This implies one tried a metanoia, but found it impossible on its face. Again, this is a false metanoia, not a true one. When this person says he gave Pope Francis the benefit of the doubt, what he means is that he tried to square Francis’ pontificate into his preexistent ideas and found he could not. He was unsuccessful, and it is not surprising. It is true that Amoris Laetitia does indeed change the discipline regarding access of sacraments to the divorced and remarried. It is true that the Catechism revision doesn’t allow a Catholic nowadays to support the death penalty, while the previous version hadn’t closed that possibility altogether (even though people exploited that loophole to prevent their metanoia and, therefore, resisted the popes’ constant appeals for abolition.)
To deny that Pope Francis has done these changes is indeed to deny reason. The problem is, when faced with this realization, the person came to the conclusion that the problem was with Francis and not with himself. He struggled to convince himself that Amoris Laetitia didn’t change sacramental discipline, but couldn’t, because that’s not true. He then conceded that Amoris Laetitia does indeed change discipline, but he didn’t concede that this change of discipline is orthodox.
In this sense, he came close to metanoia, but didn’t undergo the final step. Rather, he saw the leap of faith and turned back. But the end result is just the same as if he didn’t try. There was no metanoia in his mind and he joined the company of those who dissented from day one.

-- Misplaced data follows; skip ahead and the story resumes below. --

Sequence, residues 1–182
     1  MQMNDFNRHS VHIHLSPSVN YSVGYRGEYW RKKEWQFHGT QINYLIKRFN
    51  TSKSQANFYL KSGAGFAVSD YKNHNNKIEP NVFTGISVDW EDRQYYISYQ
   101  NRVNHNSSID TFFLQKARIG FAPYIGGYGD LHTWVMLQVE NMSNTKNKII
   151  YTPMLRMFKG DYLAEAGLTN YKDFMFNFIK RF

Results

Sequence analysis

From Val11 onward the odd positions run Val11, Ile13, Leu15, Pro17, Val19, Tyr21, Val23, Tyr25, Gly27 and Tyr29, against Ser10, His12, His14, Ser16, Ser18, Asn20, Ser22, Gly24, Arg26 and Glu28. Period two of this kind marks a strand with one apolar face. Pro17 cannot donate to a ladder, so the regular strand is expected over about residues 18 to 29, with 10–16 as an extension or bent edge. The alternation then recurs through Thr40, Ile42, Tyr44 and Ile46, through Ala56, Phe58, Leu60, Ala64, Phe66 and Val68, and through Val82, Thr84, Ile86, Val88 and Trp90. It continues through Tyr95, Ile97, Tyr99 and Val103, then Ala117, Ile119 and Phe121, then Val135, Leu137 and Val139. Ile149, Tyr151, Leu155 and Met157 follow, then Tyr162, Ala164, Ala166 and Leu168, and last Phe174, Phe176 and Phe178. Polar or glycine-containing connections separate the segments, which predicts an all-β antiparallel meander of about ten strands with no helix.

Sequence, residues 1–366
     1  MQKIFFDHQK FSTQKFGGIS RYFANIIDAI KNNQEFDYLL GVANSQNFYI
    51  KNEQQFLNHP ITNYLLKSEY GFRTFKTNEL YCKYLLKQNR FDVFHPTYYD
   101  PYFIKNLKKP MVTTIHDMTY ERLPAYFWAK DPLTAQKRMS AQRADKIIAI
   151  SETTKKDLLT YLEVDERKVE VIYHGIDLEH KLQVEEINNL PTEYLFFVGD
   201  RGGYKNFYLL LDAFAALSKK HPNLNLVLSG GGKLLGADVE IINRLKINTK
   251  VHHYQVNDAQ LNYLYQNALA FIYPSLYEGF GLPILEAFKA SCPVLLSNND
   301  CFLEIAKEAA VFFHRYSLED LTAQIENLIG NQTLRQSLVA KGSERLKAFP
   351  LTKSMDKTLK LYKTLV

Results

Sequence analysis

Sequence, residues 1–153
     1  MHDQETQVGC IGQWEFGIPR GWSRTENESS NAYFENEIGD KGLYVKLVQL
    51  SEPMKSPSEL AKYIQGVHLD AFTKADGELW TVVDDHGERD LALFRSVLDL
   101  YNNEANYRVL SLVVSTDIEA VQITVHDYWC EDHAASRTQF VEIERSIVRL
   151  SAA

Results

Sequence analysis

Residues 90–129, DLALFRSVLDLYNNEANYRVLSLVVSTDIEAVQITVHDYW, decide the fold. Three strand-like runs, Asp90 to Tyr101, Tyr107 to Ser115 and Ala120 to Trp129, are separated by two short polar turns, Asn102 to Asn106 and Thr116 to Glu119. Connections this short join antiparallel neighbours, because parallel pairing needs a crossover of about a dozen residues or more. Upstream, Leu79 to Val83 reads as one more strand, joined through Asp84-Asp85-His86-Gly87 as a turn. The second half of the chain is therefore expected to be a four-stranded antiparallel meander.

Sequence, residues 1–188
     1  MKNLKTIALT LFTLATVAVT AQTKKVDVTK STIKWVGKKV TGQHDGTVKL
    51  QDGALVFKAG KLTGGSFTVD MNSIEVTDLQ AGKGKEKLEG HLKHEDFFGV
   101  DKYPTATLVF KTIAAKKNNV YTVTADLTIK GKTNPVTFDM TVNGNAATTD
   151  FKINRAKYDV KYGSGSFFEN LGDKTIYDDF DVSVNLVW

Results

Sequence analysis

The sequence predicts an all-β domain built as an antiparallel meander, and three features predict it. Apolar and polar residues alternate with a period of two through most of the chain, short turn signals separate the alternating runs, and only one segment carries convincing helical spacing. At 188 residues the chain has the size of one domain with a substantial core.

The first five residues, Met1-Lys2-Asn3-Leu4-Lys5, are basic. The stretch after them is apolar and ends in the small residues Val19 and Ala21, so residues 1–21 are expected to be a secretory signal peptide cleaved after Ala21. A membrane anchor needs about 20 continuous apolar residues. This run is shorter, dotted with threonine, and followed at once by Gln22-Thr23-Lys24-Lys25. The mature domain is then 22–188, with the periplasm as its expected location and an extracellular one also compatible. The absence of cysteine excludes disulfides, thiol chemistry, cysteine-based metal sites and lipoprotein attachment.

So, should we just accept uncritically whatever it is the Church teaches? Isn’t this anti-intellectualism foreign to Catholic tradition and thought? Of course. But, as G.K. Chesterton once remarked: When we go to Church, “we take off our hats, but not our heads“; And again: “We do not really want a religion that is right where we are right. What we want is a religion that is right where we are wrong.“
Catholic philosophy does not think that mind is in the brain, but in the heart. Metanoia as a change of mind is, above all, a change of attitude. It demands humility, acknowledging that one does not possess all the answers, that one’s understanding is always deficient to encompass all truth.
This is not anti-intellectualism, it’s actually the root of intellectualism. Only by knowing this can we go forth in search of the truth instead of keeping ourselves stagnant in our own opinions.
Let us take science, for example, one of the greatest intellectual endeavors of the human mind. There is a difference between science per se and scientism. Scientism (or scientific positivism) is the notion that we can know everything through science. Those who adhere to this philosophy usually disregard sound theology, because theology is not a natural science. In doing so, they are actually despising a very interesting body of thought and intellectuality. We usually hear their voices dripping with arrogance, pride, lack of humility.